Dispelling Thought Leadership Myths: Content Marketing Basics for Lawyers – Part 1

Myth 1: The Billable Hour – My Time is Better Spent on ‘Real Work.’ More and more law firms are not only emphasizing billable hours, but the need to build a book of business, according to Michele Ruiz[i] , the author of Content Marketing for Lawyers - How Attorneys Can Use Social Media Strategies to Attract More Clients and Become Legal Thought Leaders. Myth 2: Law Firms Survive on Referrals - Investing in Thought Leadership Marketing is a Waste of Money and Time. Another frequently cited source of new business, is through word-of-mouth referrals, mostly from other lawyers or past clients[ii]. Myth 3: You Don’t Need to Prove Your Knowledge to Business Sources Who Already Know You. Additionally, thought leadership is evergreen, meaning it sticks around for a while unlike advertising or speaking engagements. A good body of quality thought leadership can also make it easier to get speaking engagements. A good body of thought leadership not only keeps your name out there, it can also serve as proof of your expertise and help you stand out from the crowd clamoring for business. Traditionally it was thought that a steady flow of client work would come if the lawyer almost exclusively focused on being the best lawyer he or she can be, and that sales was for products, not for professional services. Three out of 4 consumers seeking an attorney over the last year used on line resources at some point in their search process. At this juncture, it far easier for a potential referral source to think of recommending you and far easier for the potential client to reach out to you, when they have a need, if they’ve heard of you.

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Despite a changing legal marketplace, many myths persist about how to best present yourself and your firm to potential clients. Many of those myths revolve around content marketing–that attorneys should not waste their time, that time is better spent on racking up those billable hours or simply concentrating on being the best attorney possible. However, those myths do not stand up to scrutiny in today’s legal marketplace as a well-thought out content strategy can be a major asset to any attorney looking to build a book of business.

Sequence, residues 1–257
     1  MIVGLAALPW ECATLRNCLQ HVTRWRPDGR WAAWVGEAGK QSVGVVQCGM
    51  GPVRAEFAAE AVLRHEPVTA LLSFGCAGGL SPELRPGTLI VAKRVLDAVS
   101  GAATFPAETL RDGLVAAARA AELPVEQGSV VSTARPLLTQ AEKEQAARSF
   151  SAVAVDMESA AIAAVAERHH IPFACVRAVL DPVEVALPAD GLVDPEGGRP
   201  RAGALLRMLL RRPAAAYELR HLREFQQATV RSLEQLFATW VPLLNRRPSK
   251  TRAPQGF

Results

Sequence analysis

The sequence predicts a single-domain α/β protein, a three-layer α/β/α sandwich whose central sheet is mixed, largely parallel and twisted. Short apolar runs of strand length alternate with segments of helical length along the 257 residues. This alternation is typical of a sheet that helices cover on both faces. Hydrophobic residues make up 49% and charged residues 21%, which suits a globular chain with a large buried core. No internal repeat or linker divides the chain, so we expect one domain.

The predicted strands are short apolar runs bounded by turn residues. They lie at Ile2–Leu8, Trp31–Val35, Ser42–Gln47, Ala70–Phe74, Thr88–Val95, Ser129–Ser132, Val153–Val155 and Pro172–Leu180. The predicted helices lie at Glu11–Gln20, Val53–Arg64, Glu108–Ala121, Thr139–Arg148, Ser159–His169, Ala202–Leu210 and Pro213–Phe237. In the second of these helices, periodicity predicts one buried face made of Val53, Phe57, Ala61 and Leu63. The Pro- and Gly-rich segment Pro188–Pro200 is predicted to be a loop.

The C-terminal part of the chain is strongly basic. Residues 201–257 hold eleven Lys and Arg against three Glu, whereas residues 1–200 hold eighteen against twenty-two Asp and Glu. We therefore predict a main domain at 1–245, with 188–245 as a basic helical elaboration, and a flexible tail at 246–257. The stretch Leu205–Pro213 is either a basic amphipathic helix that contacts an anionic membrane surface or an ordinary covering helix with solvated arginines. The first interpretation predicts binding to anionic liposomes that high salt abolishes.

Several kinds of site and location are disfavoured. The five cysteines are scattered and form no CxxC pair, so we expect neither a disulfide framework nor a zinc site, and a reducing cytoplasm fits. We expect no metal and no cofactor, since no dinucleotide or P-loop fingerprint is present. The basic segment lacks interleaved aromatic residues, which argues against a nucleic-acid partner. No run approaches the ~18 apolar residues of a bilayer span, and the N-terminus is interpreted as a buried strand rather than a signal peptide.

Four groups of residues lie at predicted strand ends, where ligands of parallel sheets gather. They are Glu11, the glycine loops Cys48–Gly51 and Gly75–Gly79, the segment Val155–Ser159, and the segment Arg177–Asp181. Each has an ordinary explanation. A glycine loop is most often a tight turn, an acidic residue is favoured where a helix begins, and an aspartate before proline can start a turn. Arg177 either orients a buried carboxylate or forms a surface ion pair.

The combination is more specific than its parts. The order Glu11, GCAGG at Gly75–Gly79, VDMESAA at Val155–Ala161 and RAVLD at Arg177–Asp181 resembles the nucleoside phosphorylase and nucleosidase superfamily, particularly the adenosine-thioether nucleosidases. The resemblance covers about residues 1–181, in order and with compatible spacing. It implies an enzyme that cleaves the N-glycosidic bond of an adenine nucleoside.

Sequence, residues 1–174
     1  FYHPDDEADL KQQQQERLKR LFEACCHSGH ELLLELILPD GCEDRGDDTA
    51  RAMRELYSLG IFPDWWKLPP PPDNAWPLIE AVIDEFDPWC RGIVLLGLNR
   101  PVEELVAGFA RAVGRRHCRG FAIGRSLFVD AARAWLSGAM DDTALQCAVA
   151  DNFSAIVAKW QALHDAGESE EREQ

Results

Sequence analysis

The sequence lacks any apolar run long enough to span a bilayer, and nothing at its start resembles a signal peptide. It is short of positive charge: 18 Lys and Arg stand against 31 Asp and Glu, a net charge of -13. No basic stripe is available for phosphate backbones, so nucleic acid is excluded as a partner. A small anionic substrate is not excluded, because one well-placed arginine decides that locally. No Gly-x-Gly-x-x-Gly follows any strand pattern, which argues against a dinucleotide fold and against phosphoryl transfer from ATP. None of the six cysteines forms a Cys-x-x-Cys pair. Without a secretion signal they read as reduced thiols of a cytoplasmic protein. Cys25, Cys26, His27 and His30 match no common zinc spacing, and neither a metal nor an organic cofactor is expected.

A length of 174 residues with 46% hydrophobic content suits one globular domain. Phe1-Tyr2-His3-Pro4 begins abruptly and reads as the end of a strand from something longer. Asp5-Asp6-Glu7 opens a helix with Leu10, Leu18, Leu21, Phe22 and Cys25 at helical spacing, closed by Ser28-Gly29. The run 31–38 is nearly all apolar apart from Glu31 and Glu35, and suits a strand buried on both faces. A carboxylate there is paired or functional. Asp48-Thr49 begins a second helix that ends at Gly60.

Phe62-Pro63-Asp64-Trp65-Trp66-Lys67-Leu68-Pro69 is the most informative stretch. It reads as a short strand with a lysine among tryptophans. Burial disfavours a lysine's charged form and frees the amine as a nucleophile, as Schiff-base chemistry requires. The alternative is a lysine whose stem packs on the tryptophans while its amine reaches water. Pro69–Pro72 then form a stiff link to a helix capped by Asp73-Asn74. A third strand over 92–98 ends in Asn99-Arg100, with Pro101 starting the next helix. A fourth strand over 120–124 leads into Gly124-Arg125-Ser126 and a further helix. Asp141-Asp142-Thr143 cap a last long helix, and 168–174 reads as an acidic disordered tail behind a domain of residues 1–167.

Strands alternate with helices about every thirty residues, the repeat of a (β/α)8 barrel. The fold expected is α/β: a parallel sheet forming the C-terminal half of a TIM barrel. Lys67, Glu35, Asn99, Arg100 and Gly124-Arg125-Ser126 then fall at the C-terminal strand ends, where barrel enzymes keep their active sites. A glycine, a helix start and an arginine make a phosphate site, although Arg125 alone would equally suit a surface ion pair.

Myth 1: The Billable Hour – My Time is Better Spent on ‘Real Work.’

More and more law firms are not only emphasizing billable hours, but the need to build a book of business,

is it billable lawyer

according to Michele Ruiz[i] , the author of Content Marketing for Lawyers – How Attorneys Can Use Social Media Strategies to Attract More Clients and Become Legal Thought Leaders. Since all attorneys are now viewed as rainmakers, prioritizing some of the time spent on business development for implementing a content marketing strategy can save time in the long run. Several pieces of really good content that is promoted and shareable (i.e. people want to share it) can lead to others helping you with your business development.

Myth 2: Law Firms Survive on Referrals – Investing in Thought Leadership Marketing is a Waste of Money and Time.

But how do you build a business development culture when at many firm’s 20 percent of the firm’s clients contribute to 80 percent of the income? If these folks already know you, why do you need to invest in thought leadership and other business development efforts? Another frequently cited source of new business, is through word-of-mouth referrals, mostly from other lawyers or past clients[ii]. An internet footprint can make a referral decision easier. A thought leadership strategy can provide potential referrals with a sense of your professional expertise, providing a digital resume of your knowledge that doesn’t expire. Additionally, effectively distributed thought leadership keeps you top of mind with past and present clients.

Myth 3: You Don’t Need to Prove Your Knowledge to Business Sources Who Already Know You.

Increasing competition and the high turnover rate in the legal profession[iii], has heightened the need to keep attorneys, law firm names and associated expertise in front of current, past and potential clients. It’s a far easier sell, to refer an attorney or firm, if the potential client has heard of you. Demonstrating expertise…

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